The before photo of our Bristol 26 sailboat chainplate and chainplate knee replacement.
The chainplate knees were covered in carpet and fiberglass covers when we got the boat

One of the first things we wanted to do was get rid of the carpet and felt lining on the inside of the cabin. There was a 1970’s yellow-brown felt adhered to the cabin walls, and pieces of blue carpet were glued on top of the felt at some later time. Both were moldy and darkened the cabin quite a bit. Our plan was to remove this fabric, then clean and paint the walls white to match the cabin roof liner.

After removing the carpet and fiberglass covers, I realized we had a bit more work on our hands than we planned on. There was a gap between the chainplate knees and the deck of the boat. The upward pull of the rigging was causing the knee to separate from the inside of the cabin, as it was only attached to the side of the hull. Upon further inspection, the knees on the starboard side were constructed the same way, and were starting to separate from the hull too. I guess we’ll be spending more time fiberglassing and less time sailing this summer.

The old chainpmate knee delaminated from the hull on our bristol 26 sailboat
The upward pressure on the poorly constructed knee pulled the fiberglass away from the hull.

The chainplate was also leaking and had rotted the plywood shelf under it. I decided to remove all of this and replace the knee. I wanted to integrate the new knee into a both the new shelf and the bottom of the deck, making it much stronger.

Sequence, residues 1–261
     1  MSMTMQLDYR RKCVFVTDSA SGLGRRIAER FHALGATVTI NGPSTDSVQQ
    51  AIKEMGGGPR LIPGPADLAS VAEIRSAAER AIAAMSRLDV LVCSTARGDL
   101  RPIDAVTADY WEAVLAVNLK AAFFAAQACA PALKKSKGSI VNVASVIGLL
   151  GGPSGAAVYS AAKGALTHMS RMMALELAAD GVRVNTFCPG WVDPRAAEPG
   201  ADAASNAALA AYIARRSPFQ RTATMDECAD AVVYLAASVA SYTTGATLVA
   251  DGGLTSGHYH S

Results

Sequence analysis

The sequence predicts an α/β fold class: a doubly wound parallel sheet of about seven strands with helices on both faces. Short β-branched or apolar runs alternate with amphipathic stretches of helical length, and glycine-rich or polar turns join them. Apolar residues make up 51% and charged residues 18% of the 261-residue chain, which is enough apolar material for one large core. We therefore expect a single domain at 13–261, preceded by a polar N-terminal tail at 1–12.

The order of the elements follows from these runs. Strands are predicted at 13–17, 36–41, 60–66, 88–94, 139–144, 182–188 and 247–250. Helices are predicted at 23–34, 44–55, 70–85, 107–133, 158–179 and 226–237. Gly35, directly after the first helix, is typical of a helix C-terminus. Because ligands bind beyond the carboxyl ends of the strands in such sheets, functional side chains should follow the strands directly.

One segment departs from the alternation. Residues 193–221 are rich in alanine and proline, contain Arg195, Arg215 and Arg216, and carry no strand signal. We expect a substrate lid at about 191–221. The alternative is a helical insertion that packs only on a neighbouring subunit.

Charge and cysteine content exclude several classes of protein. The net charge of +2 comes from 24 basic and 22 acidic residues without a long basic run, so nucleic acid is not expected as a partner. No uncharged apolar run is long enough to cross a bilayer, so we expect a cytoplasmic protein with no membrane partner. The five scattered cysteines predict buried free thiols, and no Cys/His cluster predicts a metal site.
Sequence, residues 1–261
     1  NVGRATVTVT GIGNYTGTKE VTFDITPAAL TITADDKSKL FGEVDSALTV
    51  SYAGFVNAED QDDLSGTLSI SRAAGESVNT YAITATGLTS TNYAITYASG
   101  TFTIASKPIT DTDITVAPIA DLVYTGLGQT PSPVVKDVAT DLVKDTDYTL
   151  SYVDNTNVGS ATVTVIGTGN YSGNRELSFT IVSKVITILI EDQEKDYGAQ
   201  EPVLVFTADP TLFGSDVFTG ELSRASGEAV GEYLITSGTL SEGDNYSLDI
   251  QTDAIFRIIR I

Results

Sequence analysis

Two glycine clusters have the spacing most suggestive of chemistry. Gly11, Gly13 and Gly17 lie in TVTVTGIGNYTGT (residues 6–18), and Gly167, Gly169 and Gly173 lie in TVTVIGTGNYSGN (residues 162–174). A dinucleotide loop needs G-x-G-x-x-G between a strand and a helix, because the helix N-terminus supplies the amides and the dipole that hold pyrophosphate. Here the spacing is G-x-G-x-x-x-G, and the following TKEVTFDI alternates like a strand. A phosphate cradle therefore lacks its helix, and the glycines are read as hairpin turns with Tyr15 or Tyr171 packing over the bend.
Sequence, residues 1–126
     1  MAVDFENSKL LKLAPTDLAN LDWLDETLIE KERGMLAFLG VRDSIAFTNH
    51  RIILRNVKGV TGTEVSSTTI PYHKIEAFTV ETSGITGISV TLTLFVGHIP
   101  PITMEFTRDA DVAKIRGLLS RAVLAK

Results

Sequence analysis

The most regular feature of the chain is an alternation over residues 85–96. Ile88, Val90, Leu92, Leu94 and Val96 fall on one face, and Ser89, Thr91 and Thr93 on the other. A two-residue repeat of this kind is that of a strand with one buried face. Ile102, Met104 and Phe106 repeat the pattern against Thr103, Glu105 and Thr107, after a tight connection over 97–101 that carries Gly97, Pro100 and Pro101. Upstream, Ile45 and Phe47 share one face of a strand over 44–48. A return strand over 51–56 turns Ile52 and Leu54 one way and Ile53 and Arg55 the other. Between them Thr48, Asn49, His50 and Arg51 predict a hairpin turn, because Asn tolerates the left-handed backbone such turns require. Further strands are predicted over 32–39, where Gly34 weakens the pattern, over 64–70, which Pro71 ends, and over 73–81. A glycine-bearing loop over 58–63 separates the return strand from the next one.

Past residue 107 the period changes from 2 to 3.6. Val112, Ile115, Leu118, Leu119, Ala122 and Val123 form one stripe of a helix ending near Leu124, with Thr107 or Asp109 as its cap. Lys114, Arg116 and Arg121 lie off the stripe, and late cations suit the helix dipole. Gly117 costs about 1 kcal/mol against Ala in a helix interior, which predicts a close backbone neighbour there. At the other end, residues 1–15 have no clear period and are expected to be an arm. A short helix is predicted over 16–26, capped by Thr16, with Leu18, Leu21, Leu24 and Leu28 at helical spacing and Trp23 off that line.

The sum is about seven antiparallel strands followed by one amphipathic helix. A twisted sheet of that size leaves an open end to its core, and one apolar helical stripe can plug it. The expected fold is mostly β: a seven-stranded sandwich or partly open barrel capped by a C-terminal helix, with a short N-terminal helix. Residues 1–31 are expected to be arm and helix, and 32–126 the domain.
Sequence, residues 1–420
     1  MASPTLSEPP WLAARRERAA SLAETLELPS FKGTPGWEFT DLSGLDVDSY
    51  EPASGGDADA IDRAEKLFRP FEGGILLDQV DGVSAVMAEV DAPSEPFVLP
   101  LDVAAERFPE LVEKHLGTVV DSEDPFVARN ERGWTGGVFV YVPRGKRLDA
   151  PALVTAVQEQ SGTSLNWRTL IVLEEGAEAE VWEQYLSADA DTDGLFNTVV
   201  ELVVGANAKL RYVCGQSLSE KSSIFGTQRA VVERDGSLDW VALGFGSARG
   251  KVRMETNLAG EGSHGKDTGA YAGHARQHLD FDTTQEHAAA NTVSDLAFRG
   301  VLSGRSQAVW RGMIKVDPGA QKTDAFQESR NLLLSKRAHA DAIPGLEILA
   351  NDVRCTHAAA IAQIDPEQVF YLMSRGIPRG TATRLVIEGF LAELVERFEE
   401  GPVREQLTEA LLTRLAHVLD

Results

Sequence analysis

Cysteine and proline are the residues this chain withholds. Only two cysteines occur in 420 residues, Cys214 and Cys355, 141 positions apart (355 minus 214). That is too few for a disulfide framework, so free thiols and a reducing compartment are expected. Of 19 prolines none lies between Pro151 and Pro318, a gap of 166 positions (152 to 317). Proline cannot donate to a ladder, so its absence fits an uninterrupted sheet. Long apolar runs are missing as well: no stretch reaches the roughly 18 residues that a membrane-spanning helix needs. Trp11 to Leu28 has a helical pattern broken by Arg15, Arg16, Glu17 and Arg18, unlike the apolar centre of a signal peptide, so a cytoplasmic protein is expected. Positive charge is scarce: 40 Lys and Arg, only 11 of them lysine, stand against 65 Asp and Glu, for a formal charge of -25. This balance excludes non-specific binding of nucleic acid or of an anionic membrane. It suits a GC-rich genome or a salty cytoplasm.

Removing the shelf and plywood in the dinette of our Bristol 26 sailboat.
Removing the shelf and plywood in the dinette of our Bristol 26 sailboat.

The benefit to this poorly installed structure was that it was pretty easy to remove. A hammer and a construction chisel were all I needed to remove most of the fiberglass, which minimized the grinding and sanding I’d have to do later.

The chainplate knee and shelf is removed on our Bristol 26 sailboat.
Here it is with everything removed–it’s time to build a better structure.

Doing this project while the boat was on it’s mooring was challenging–I must have made some people wonder as I was hauling tools and rotten plywood back and forth to the public boat launch where my truck was. In part 2, I’ll finish the project.

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